- God’s glory is seen in His revelation of Himself: Deuteronomy 5:24 – “Behold, the LORD our God hath showed us his glory and his greatness, and we have heard his voice out of the midst of the fire: we have seen this day that God doth talk with man, and he liveth.”
- God’s glory is seen in creation: Psalm 19:1 – “The heavens declare the glory of God.”
- God’s glory is seen in salvation: Romans 15:7 – “Wherefore receive ye one another, as Christ also received us to the glory of God.”
The list, of course, goes on and on, but what we have should make the point quite boldly: God’s glory is seen in everything. When all is said and done, there will be nothing that God could have done better to make known Who He is. The question remains, then, for us: “What part do I have in God’s vast purposes of glorifying Himself? What will my response be?”
Sold Out for the Glory of God
Our response to these things should be an absolute concentration on living unconditionally for the glory of God. Being a Christian is not a facet of life. It is our life. Whatever we do, we do as Christians seeking the glory of God. If a believer is a plumber, he is a Christian plumber to the glory of God. If a believer is a factory worker, he is a Christian factory worker to the glory of God. If a believer sleeps in order to rest, he is a Christian who is sleeping to the glory of God. Notice how comprehensive this mentality is to the believer.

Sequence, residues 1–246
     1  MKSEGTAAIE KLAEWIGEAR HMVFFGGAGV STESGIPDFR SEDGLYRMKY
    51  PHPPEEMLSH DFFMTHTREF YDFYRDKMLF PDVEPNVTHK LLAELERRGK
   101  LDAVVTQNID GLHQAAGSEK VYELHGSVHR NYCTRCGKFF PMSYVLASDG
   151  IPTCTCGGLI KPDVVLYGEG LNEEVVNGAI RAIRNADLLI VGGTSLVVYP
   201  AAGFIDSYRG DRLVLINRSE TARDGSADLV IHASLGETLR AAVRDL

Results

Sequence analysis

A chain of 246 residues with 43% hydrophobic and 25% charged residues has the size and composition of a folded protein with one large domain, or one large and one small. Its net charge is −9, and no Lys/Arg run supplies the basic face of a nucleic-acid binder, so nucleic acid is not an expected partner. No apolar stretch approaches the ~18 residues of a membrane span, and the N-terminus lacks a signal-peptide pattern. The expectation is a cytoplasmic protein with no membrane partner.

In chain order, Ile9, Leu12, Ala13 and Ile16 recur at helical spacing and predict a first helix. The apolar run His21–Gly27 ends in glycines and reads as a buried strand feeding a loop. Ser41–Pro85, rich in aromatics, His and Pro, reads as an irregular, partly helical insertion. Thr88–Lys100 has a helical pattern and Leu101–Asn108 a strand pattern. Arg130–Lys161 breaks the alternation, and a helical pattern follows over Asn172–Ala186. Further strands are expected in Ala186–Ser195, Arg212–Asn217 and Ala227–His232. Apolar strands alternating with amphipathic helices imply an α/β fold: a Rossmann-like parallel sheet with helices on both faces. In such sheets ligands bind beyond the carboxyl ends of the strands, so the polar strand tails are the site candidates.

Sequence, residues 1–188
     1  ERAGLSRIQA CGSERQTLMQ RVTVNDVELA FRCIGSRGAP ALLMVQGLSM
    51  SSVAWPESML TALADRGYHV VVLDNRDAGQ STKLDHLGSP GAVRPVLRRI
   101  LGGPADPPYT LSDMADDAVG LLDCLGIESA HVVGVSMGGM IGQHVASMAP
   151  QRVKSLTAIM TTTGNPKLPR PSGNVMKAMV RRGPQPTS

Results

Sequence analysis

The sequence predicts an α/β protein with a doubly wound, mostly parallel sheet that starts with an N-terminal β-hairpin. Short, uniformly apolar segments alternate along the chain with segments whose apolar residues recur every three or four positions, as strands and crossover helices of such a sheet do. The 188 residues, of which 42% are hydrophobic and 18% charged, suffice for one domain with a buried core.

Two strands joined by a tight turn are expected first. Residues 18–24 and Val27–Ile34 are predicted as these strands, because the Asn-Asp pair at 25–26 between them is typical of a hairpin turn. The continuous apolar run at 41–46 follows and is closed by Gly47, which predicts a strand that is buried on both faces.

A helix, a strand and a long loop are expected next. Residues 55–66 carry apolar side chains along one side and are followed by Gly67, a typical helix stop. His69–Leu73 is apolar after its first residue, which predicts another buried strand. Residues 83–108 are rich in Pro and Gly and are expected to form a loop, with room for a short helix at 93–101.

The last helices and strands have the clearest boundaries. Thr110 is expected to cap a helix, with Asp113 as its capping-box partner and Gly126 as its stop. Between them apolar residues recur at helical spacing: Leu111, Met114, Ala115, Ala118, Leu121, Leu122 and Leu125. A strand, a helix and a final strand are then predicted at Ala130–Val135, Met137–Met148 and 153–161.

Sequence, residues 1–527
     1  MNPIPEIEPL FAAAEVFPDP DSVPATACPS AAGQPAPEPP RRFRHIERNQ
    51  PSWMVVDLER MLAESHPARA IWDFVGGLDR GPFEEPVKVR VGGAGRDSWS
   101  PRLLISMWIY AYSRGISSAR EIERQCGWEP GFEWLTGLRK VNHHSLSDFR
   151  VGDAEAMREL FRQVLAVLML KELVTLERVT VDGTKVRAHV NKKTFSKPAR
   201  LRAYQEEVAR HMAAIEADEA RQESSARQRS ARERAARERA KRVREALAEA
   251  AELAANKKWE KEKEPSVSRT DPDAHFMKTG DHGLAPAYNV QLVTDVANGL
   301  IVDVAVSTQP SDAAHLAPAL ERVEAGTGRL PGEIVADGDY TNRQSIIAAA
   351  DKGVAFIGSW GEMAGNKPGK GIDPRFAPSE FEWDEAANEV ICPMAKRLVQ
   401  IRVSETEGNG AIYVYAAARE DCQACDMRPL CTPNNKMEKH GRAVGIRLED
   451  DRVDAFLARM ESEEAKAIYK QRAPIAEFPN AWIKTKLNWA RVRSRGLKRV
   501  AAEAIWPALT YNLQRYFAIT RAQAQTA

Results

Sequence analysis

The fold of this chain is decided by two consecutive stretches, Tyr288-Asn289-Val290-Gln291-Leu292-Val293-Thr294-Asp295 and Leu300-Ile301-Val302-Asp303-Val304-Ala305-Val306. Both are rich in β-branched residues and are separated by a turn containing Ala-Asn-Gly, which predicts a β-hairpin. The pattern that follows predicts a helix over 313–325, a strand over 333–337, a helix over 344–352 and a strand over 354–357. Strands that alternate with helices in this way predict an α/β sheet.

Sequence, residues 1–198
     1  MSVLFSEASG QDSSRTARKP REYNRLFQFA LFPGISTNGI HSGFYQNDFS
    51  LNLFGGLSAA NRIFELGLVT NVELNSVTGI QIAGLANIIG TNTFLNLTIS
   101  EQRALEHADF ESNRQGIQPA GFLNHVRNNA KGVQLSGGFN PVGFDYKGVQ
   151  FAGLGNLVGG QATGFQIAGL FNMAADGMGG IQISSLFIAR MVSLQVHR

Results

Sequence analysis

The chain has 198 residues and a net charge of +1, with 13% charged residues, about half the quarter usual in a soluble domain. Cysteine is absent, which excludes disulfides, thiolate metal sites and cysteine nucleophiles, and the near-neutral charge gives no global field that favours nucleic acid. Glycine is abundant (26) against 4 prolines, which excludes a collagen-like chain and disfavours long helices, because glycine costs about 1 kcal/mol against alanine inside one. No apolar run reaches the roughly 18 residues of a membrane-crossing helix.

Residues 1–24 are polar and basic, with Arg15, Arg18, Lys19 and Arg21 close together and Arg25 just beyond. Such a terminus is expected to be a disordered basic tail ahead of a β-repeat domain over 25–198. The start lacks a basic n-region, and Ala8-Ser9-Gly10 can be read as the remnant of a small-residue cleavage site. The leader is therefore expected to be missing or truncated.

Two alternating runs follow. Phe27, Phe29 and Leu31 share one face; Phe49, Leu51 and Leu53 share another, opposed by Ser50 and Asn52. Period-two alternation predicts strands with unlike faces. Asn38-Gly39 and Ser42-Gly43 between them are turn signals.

We find first of all that we are to glorify God at every moment of life, including death. John 21:19 makes this clear when the Lord told Peter “by what death he should glorify God.” Truly, if the extremest moments of our lives are to glorify God, every moment must be to glorify God.
Secondly, we find that we are to glorify God in every component of life. In 1 Corinthians 6 we read, “For you are bought with a price: therefore glorify God in your body and in your spirit, which are God’s.” Let us never think that we only live to the glory of God when we read and pray. We live to glorify God in how we dress, in how we conduct ourselves, in our demeanor, in our style, in our purity, etc. God has claimed every single part of us as His own. That is why we must love the Lord our God with all our heart, soul, mind, and strength. Can we really love Him with all our heart with the emotional commitments we are making to temporal things? Can we really love Him with all our mind with the media we feed it? Can we really love Him with all our strength with the amount of effort we invest into earthly things?
Lastly, we find that we are to glorify God in every action of life, even the menial ones: “Whether therefore ye eat, or drink, or whatsoever ye do, do all to the glory of God.” (1 Cor. 10:31). Evidently, as believers we can turn things not spiritual by nature into that which will glorify God, even things like eating and drinking – the bare necessities of life. Is this our level of commitment? Only being fully sold out unto God’s glory is fitting for a believer. Christianity cannot be a mere compartment of life: it is life itself. Christ is our life. That begs the question, what are we investing in that doesn’t fully agree with that fact? Perhaps its time we cut out that thing.